As the popularity of rugby grew, it became necessary to standardise the running of the game in this country. Despite some opposition, a New Zealand Rugby Football Union was created at a meeting held in Wellington.
The legendary All Black lock was a physically tough, uncompromising player. Rugby writer Lindsay Knight described Colin Meads as New Zealand's equivalent of Australia's Sir Donald Bradman or American Babe Ruth as a sporting legend.
In Hamilton the protestors occupying the pitch had chanted 'The whole world is watching'. The same applied to New Zealand as a nation. Some believed the tour was an opportunity to address racism in New Zealand and show solidarity with the oppressed black majority in South Africa.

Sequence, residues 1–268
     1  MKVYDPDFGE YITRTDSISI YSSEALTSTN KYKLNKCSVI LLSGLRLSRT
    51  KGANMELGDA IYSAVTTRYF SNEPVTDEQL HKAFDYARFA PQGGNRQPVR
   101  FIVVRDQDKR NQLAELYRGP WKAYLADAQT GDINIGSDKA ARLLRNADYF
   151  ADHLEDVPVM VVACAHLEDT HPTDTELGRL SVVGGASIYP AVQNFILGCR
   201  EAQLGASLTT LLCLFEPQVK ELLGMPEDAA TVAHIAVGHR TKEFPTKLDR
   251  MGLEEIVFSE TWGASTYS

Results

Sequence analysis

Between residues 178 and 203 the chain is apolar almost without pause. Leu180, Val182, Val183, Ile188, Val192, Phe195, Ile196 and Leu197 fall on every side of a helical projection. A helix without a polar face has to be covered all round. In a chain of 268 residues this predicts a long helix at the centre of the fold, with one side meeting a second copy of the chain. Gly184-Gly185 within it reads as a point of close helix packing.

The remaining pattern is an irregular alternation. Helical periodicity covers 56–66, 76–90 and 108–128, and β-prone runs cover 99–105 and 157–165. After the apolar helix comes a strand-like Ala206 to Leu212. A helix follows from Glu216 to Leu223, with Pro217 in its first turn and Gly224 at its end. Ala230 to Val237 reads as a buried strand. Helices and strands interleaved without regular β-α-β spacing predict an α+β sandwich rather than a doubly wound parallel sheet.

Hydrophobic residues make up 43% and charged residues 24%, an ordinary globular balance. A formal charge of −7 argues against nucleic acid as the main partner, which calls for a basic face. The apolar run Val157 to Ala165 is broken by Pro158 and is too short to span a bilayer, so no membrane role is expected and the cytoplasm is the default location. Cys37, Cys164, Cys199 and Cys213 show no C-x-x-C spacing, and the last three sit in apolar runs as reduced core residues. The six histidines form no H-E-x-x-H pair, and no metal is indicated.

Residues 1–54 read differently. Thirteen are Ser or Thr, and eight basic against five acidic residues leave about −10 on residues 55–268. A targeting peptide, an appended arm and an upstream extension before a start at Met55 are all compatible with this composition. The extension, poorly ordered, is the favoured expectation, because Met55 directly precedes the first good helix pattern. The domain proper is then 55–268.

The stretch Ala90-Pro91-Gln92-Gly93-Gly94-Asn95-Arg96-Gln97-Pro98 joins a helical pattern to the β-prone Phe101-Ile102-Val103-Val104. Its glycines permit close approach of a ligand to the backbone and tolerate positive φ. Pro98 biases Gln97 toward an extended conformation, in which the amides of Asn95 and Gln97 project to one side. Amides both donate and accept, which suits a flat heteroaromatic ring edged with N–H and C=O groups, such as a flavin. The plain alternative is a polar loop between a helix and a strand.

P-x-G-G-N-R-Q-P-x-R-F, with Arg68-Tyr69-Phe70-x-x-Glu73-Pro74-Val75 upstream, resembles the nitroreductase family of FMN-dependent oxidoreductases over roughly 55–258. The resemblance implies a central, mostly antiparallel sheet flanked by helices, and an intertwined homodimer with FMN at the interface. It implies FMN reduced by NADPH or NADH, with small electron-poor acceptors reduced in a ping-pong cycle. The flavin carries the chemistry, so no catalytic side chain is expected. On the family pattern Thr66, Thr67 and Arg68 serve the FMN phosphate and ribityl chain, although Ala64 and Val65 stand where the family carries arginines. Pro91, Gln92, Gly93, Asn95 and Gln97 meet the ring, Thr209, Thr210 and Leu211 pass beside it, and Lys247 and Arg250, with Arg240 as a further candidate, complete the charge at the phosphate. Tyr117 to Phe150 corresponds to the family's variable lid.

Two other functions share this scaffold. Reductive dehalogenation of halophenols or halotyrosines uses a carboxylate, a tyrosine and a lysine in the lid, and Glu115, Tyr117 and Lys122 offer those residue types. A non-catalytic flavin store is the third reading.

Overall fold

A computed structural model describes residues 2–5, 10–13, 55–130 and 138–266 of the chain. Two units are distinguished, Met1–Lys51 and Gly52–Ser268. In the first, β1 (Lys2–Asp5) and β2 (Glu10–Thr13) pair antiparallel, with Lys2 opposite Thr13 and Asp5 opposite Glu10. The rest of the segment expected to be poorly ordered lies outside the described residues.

The Citizens' All Black Tour Association, of which Ngāi Tahu leader Frank Winter was a prominent member, campaigned to stop the selection of a racially based All Black touring team with the slogan 'No Maoris – No Tour'.
Keeping sport and politics separate was becoming increasingly difficult. In July 1969 HART (Halt All Racist Tours) was founded by University of Auckland students with the specific aim of opposing sporting contact with South Africa.